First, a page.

Another requirement is an over-all dignified appearance. The clothing should not attract menís attention to the woman. It should not be shiny and flashy so that everyone notices the dress and the woman.

In addition there are other requirements:

  • Women must not dress so as to appear as men.
  • Women should not dress in imitation of the unbelievers.
  • The clothing should be modest, not excessively fancy and also not excessively ragged to gain others admiration or sympathy.

Often forgotten is the fact that modern Western dress is a new invention. Looking at the clothing of women as recently as seventy years ago, we see clothing similar to hijab. These active and hard-working women of the West were not inhibited by their clothing which consisted of long, full dresses and various types of head covering. Muslim women who wear hijab do not find it impractical or interfering with their activities in all levels and walks of life.

Hijab is not merely a covering dress but more importantly, it is behavior, manners, speech and appearance in public. Dress is only one facet of the total being.

The basic requirement of the Muslim womanís dress apply to the Muslim manís clothing with the difference being manly in degree. Modesty requires that the area between the navel and the knee be covered in front of all people except the wife. The clothing of men should not be like the dress of women, nor should it be tight or provocative. A Muslim should dress to show his identity as a Muslim. Men are not allowed to wear gold or silk. However, both are allowed for women.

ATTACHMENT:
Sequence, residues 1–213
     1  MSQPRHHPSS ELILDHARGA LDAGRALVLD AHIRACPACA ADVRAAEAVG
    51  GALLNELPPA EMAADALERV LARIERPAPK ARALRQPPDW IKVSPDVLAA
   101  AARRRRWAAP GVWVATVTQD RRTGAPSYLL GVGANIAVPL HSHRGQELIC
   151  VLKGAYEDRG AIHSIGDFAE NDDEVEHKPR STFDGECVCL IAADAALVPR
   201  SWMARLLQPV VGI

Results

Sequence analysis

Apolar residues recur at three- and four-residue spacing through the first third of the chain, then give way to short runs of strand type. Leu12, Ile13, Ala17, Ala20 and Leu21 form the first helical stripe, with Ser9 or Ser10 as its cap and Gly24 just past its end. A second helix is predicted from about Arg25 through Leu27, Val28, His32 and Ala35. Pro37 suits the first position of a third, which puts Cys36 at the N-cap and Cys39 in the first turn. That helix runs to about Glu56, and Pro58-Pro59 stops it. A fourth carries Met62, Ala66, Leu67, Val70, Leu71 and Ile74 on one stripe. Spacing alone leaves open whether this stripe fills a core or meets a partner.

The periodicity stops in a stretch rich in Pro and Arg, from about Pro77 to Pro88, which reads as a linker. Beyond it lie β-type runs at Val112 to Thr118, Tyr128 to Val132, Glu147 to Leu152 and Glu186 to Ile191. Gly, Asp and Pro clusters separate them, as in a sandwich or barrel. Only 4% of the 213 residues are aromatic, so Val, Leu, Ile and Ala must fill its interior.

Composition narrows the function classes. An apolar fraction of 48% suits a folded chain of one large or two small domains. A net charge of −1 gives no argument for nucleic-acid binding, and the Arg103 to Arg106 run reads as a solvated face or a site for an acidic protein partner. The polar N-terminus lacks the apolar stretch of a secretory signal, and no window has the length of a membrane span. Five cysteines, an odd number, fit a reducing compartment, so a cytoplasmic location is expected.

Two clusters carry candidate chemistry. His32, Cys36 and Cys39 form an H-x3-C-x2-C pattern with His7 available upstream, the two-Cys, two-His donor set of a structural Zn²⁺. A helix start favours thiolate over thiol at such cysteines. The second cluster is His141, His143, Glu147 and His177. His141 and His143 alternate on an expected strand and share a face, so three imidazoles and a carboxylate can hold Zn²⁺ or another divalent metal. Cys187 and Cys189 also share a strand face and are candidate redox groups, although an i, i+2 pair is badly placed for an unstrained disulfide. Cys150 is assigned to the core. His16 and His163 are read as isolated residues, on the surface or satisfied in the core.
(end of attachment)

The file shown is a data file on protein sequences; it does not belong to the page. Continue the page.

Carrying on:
For both men and women, clothing requirements are not meant to be a restriction but rather a way in which society will function in a proper, Islamic manner.

Because it gives me freedom.

Women are taught from early childhood that their worth is proportional to their attractiveness. We feel compelled to pursue abstract notions of beauty, half-realizing that such a pursuit is futile.

When women reject this form of oppression, they face ridicule and contempt. Whether itís women who refuse to wear makeup or to shave their legs, or to expose their bodies, society, both men and women, have trouble dealing with them.

In the Western world, the hijab has come to symbolize either forced silence or radical, unconscionable militancy. Actually, itís neither. It is simply a womanís assertion that judgment of her physical person is to play no role whatsoever in social interaction.

Wearing the hijab has given me freedom from constant attention to my physical self. Because my appearance is not subjected to public scrutiny, my beauty, or perhaps lack of it, has been removed from the realm of what can legitimately be discussed.

No one knows whether my hair looks as if I just stepped out of a salon, whether or not I can pinch an inch, or even if I have unsightly stretch marks. And because no one knows, no one cares.

Feeling that one has to meet the impossible male standards of beauty is tiring and often humiliating. I should know, I spent my entire teenage years trying to do it. It was a borderline bulimic and spent a lot of money I didnít have on potions and lotions in hopes of becoming the next Cindy Crawford.

The definition of beauty is ever changing; waifish is good, waifish is bad, athletic is good -- sorry, athletic is bad. Narrow hips? Great. Narrow hips? Too bad.

Women are not going to achieve equality with the right to bear their breasts in public, as some people would like to have you believe. That would only make us party to our own objectification. True equality will be had only when women donít need to display themselves to get attention and wonít need to defend their decision to keep their bodies to themselves